What did Obama mean by ‘noise’?


President Obama is facing questions over his use of the word “noise” on "60 Minutes" in discussing the Iranian nuclear program and Israeli pressure on the issue.

What exactly did the president mean by “noise”? The Republican Jewish Coalition has one read of the president’s remark, while the White House has another, very different interpretation.

For context, here’s the relevant part of the interview:

Steve Kroft of ’60 Minutes’: You don’t feel any pressure from Prime Minister Netanyahu in the middle of a campaign to try and get you to change your policy and draw a line in the sand? You don’t feel any pressure?

Obama: When it comes to our national security decisions, any pressure that I feel is simply to do what’s right for the American people. And I am going to block out any noise that’s out there. Now I feel an obligation, not pressure but obligation, to make sure that we’re in close consultation with the Israelis on these issues because it affects them deeply. They’re one of our closest allies in the region. And we’ve got an Iranian regime that has said horrible things that directly threaten Israel’s existence.

The Republican Jewish Coalition suggested that the president was dismissing Israeli concerns about Iran’s nuclear program as “noise.” Here is the statement from the RJC’s executive director, Matt Brooks:


The urgent and well-founded concerns of Israel about the continuing Iranian nuclear arms program are not “noise.” In this area, as in so many others, American national security interests and Israeli security interests are aligned: we cannot allow Iran to develop the capacity to create and deploy nuclear weapons.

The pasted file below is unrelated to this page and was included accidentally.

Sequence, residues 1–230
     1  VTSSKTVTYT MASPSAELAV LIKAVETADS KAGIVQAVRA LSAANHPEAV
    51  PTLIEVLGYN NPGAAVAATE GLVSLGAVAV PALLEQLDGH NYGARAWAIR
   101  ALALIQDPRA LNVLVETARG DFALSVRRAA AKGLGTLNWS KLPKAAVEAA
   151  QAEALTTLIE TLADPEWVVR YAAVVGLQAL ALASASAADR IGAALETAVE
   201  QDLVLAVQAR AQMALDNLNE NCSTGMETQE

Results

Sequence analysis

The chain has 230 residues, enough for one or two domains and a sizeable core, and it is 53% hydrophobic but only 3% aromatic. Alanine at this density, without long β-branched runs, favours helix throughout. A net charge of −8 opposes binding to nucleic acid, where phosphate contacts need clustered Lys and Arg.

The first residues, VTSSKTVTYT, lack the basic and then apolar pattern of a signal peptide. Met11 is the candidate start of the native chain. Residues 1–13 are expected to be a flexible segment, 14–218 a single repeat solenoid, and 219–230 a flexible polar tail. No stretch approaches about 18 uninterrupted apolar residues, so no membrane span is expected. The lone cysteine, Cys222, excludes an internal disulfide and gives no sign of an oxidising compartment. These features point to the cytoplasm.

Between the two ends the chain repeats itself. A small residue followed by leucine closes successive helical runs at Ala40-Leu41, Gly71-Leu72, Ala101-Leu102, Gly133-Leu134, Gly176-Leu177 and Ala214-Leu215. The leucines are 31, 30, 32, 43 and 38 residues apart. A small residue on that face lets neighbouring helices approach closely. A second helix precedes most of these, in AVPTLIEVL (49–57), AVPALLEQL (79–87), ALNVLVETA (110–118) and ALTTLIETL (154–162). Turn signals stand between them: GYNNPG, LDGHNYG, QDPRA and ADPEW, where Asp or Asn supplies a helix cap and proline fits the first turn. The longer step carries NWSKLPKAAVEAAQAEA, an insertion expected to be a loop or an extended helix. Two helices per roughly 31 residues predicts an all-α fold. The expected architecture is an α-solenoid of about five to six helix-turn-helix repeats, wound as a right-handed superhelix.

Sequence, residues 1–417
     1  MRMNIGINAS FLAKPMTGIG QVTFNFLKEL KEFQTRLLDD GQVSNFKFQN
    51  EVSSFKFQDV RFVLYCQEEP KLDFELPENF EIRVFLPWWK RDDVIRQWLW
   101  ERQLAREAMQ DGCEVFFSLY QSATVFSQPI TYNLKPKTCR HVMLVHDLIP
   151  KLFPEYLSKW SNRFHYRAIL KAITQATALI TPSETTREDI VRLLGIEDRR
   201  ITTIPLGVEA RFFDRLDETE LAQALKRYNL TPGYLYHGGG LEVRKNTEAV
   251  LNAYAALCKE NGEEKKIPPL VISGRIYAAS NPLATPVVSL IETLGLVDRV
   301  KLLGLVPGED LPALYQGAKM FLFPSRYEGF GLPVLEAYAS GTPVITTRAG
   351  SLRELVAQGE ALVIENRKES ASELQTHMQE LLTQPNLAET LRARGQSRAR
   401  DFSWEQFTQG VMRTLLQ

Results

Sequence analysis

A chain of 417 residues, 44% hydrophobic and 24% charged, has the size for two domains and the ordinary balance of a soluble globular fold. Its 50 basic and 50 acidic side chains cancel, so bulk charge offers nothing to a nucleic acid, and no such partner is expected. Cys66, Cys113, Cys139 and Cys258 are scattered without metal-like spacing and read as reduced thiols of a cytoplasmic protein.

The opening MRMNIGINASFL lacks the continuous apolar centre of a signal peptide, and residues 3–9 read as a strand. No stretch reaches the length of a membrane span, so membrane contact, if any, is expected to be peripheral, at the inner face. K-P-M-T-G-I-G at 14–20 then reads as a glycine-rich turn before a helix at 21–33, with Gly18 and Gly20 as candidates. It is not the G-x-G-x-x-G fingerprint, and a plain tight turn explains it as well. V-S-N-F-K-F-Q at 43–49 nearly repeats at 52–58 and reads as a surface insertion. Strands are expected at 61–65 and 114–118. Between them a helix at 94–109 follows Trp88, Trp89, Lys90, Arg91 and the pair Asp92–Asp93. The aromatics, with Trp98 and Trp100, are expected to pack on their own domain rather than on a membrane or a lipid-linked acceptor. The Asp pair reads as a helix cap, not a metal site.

Diplomacy and sanctions have not impeded the Iranians’ progress toward their goal, and recent reports from the IAEA and the Iranian regime corroborate the Israelis’ long-held view that Iran has lied to international inspectors and gotten much farther along the path to nuclear weapons than has previously been acknowledged.

By dismissing Israel’s and the international community’s legitimate concerns about Iran as mere “noise,” Pres. Obama yet again displays his Jimmy Carter-like naiveté when it comes to U.S. foreign policy. In these dangerous times, that puts the United States and our friends and allies around the world in jeopardy.

In response to a reporter’s question, the White House press secretary, Jay Carney, offered a different take on the president’s word choice: "The president was making clear that his commitment and his country’s commitment to Israel’s security is as strong as ever — and unbreakable in nature. There’s obviously a lot of noise around this issue at time." (See his full remarks in video above.) 

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